Minimize Risk by Properly Classifying Independent Contractors
Does your company hire freelancers, consultants, project workers or “temps” whose earnings you report on an IRS-1099 form? If yes, you have independent contractors. In recent years, state and federal government agencies have invested heavily in ensuring that those independent contractors are properly classified as such and are not merely employees masquerading as contractors.
Why Does it Matter?
In its Fiscal Year 2013 Budget, the Obama Administration committed millions of dollars to continue its initiative to increase investigation into misclassification of employees as independent contractors. At the same time, state governments, feeling that employers are flouting employment laws and seeking to avoid payroll taxes, have prioritized enforcement of independent contractor classification laws.
Companies investigated by the government that have been found to have misclassified employees face thousands of dollars in back wages, unpaid overtime, state and federal back taxes and penalties. Investigations can be spurred by a newly unemployed independent contractor mistakenly filing for unemployment, a tax audit, or a worker complaint to the government. Due to information sharing agreements between the IRS and the Department of Labor – as well as between the federal government and several state governments – an investigation by a single agency can quickly snowball into a wide-ranging enforcement action, resulting in substantial federal and state penalties. Of course, there is also the ever present risk of civil lawsuits by disgruntled former workers who feel they have been misclassified.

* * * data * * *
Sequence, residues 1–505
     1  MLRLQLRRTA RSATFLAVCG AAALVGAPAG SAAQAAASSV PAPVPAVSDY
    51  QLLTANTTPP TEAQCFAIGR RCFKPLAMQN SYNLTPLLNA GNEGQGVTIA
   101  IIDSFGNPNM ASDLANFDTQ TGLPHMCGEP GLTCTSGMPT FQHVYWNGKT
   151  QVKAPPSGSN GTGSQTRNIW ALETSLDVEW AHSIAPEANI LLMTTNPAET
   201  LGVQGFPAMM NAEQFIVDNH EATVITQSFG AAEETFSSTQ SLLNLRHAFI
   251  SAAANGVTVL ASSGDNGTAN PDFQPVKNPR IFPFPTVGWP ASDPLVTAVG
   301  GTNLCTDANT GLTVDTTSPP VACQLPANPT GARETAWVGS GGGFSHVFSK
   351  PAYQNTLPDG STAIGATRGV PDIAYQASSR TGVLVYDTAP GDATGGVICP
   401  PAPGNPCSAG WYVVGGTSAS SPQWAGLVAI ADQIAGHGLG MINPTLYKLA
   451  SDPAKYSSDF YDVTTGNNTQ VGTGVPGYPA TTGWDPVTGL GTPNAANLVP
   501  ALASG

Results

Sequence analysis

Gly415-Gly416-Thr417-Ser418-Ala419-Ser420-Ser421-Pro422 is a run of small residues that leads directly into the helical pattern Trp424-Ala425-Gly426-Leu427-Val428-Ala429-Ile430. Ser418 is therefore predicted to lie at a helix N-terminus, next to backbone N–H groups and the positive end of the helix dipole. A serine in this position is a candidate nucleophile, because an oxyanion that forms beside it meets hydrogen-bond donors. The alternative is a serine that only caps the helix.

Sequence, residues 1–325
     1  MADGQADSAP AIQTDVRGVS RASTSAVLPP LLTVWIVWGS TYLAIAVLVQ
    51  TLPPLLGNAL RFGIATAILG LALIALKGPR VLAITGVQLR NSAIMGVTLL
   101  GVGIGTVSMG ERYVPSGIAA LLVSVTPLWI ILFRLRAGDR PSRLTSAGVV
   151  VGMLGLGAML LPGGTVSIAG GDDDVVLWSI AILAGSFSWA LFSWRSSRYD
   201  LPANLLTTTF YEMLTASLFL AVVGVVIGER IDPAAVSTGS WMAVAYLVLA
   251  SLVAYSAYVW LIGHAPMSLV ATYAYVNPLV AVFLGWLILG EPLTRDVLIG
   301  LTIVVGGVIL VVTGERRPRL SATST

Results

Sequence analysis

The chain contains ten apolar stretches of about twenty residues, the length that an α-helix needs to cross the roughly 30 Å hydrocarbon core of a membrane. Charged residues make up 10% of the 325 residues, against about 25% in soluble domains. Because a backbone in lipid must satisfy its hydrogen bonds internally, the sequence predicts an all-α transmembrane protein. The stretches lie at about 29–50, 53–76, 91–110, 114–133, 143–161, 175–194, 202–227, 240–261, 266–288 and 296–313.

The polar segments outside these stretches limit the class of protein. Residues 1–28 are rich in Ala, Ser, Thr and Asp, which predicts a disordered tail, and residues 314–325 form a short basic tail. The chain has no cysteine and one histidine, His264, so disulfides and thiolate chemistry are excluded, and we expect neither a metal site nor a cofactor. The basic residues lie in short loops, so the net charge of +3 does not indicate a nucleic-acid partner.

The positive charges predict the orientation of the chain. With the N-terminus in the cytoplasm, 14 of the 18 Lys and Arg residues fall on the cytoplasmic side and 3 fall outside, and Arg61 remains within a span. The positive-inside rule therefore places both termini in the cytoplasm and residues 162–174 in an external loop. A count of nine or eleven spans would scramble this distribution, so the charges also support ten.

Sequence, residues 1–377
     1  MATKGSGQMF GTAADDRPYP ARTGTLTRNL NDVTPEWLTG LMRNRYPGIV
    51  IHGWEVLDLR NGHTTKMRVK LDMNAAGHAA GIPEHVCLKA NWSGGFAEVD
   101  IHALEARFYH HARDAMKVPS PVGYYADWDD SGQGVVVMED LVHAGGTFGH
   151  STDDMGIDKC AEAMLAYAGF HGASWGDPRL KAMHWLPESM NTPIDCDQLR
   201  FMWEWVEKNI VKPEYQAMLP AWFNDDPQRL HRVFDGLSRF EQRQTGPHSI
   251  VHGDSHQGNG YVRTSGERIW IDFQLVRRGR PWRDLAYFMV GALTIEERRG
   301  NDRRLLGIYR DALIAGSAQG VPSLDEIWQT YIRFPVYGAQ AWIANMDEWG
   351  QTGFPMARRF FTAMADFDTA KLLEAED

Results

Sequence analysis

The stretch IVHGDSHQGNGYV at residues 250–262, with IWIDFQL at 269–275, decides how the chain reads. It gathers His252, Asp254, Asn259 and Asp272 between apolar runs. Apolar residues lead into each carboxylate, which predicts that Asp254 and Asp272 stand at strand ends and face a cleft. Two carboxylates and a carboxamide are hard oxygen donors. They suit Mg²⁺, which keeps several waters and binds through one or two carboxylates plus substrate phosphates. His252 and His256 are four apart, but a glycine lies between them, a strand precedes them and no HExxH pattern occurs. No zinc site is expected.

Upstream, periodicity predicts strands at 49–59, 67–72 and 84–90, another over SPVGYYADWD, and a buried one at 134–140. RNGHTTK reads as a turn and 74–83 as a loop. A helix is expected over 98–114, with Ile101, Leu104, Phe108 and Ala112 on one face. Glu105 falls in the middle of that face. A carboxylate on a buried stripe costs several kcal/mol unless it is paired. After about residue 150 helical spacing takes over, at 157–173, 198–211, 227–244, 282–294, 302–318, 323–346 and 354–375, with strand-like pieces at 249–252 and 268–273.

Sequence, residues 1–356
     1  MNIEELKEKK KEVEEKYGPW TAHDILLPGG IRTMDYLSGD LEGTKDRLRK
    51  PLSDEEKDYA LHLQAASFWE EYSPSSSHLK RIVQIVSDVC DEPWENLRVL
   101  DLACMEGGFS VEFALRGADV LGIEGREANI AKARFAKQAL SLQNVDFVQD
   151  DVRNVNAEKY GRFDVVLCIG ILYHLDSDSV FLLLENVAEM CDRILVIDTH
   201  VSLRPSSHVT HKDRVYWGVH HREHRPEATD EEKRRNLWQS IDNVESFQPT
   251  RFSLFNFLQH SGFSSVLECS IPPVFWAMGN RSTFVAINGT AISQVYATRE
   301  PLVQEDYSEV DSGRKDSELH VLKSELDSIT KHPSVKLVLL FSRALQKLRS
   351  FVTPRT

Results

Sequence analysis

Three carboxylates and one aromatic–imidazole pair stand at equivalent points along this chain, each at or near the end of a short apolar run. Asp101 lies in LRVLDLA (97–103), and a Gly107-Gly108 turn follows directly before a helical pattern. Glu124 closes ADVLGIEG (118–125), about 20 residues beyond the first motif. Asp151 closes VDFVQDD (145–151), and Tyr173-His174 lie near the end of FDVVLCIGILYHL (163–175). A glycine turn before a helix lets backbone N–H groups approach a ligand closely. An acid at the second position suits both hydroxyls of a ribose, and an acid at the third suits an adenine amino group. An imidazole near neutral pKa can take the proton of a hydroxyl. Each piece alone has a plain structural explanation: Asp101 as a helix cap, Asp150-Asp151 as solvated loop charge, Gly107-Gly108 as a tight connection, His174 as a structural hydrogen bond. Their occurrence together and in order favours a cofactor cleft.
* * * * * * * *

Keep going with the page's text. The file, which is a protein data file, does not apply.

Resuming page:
Independent Contractor or Employee?
Under federal tax regulations, a worker is an independent contractor if his employer has the right to control or direct only the result of the work and not what will be done and how it will be done. The worker’s status is determined on a case by case basis, but the critical factor is how much control the employer has the right to exert over the worker. Less important are whether the employer actually exerts that control or whether the worker and employer have an Independent Contractor Agreement.
Relevant questions for an employer to ask to determine proper classification include: Will the employer control what the worker does and how he does it? (if the employer sets a worker’s hours and provides a computer and office, he is an employee); has the worker has set herself up independently as an established entity, such as an LLC? (if yes, she is an independent contractor); will the worker perform services that are at the heart of the company’s business? (if yes, she is likely an employee). Thus, if you do - or plan to - set a worker’s work hours, if you have the right to terminate the worker’s employment, if you put the worker on a salary, and if you supply the tools of the trade (including computers and mobile phones), the worker should be considered an employee and not an independent contractor.
Minimizing Risk of Improper Classification
Employers need to be thorough when determining whether a worker is an independent contractor or employee. When creating an independent contractor agreement with a prospective contractor, it is important to be precise about the expectations under the contract. It is imperative that employers be diligent about abiding by the terms of the contract. Avoid exerting excess control over the independent contractor’s employment conditions and ensure the contractor maintains his or her independence. When in doubt, consult your attorney. With regard to worker classification, an ounce of prevention will save pounds of aggravation in the future. The Employment Practices Group at Reger Rizzo & Darnall LLP has considerable experience related to independent contractor classification and associated compliance issues.